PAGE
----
Projects per year
Integrated optical microresonators offer a powerful platform for observing nonlinear optical phenomena. They confine light in resonant modes at very small scales and for prolonged periods of time, enhancing the intensity of low-power optical signals. Via the nonlinear interaction between light and matter in these resonators, a single optical frequency can be converted into numerous frequencies coherently, forming frequency combs. These broad and coherent optical signals have found many applications ranging from precision spectroscopy to optical communications. Through chip integration, frequency comb applications benefit from the small footprint and low cost of nano-fabrication techniques. Among many materials used in integrated photonics, Aluminum Gallium Arsenide (AlGaAs) offers itself as an efficient nonlinear material. Its very high Kerr nonlinear parameter and high refractive index are exactly the desired properties for efficient frequency comb generation via parametric frequency conversion. By controlling the Aluminum content in the AlGaAs alloy, the material bandgap can be engineered to eliminate two-photon absorption that would otherwise hinder the use of AlGaAs at telecommunications wavelengths. Though challenging to realize, a breakthrough has been made in fabricating high index-contrast AlGaAs waveguides in the AlGaAs-on-Insulator platform. Using this novel fabrication technique, high-Q AlGaAs resonators have enabled efficient frequency comb generation. However, AlGaAs-on-Insulator devices have not yet reached the potential that the properties of AlGaAs suggest. In this thesis, the obstacles in the way of advancing the AlGaAs-on-Insulator platform are tackled. Coupler loss was identified as a significant source of loss and was mitigated by new coupler designs. Surface roughness in optical microresonators is responsible for coupling the resonator modes, and was found to affect the dispersion significantly in the high-index contrast AlGaAs-on-Insulator platform. The effect of mode coupling was mitigated by including tapered sections that filter out higher-order modes while maintaining anomalous dispers dispersion for the fundamental mode. The interface between III-V materials and dielectrics is known to pose a serious challenge against III-V-based electronic devices. The vast knowledge accumulated by studies on the electronic properties of III-V-oxide interfaces was used in order to evaluate their effect on the optical properties of AlGaAs-on-Insulator waveguides. By numerical simulations and experimental measurements, interface states were found to alter the band diagram significantly in the small AlGaAs waveguides we use. Furthermore, the interface states were found responsible for significant nonlinear losses due to the absorption of single photons. These effects were quantified by combining analytical models, numerical simulations and experimental measurements, and their implications on frequency comb generation were studied. The results in this thesis point to the importance of interface passivation if the performance of AlGaAs-on-Insulator waveguides is to match the promising bulk properties of AlGaAs.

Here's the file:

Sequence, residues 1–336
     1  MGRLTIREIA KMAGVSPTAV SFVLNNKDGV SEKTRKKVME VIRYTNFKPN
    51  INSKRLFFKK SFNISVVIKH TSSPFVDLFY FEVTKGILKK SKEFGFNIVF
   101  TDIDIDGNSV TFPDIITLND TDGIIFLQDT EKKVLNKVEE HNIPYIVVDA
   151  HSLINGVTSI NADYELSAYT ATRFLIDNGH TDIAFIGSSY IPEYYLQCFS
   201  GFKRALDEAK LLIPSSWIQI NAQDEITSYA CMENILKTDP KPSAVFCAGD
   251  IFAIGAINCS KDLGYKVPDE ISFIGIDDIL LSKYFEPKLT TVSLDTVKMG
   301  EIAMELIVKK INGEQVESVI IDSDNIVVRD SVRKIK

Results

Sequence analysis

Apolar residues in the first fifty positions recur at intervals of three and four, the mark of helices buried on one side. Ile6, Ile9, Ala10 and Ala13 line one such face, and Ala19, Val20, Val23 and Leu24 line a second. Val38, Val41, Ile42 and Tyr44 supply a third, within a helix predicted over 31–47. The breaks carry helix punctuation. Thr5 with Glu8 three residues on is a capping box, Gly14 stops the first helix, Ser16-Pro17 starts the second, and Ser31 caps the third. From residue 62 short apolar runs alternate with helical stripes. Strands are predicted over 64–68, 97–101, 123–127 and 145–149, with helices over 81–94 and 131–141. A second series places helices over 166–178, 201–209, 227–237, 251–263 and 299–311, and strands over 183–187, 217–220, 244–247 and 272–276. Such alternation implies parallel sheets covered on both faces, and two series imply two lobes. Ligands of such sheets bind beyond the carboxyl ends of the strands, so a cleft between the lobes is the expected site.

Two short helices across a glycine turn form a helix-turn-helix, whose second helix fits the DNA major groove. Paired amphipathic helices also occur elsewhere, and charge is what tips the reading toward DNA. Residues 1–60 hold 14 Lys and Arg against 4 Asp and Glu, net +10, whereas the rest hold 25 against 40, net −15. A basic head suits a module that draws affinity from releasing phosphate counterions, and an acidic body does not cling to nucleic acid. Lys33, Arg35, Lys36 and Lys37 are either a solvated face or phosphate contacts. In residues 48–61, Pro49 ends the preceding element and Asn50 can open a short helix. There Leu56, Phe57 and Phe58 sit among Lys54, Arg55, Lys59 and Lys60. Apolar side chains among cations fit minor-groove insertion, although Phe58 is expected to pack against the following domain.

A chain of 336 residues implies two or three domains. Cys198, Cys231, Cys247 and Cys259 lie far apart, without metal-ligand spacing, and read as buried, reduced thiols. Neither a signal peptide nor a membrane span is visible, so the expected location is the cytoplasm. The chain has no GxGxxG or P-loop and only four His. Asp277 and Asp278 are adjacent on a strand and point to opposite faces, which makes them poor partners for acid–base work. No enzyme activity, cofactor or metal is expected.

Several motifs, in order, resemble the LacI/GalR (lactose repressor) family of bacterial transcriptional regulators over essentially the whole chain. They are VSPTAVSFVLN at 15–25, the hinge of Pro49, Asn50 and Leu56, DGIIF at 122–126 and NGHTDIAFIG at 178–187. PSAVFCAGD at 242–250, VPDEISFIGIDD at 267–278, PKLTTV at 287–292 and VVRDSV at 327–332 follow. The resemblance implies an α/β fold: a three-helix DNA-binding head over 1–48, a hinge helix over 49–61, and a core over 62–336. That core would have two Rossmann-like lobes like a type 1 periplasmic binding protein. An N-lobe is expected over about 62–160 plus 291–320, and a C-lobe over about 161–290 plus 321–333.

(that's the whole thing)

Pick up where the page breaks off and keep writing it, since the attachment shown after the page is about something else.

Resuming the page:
|Publisher||Technical University of Denmark|
|Publication status||Published - 2019|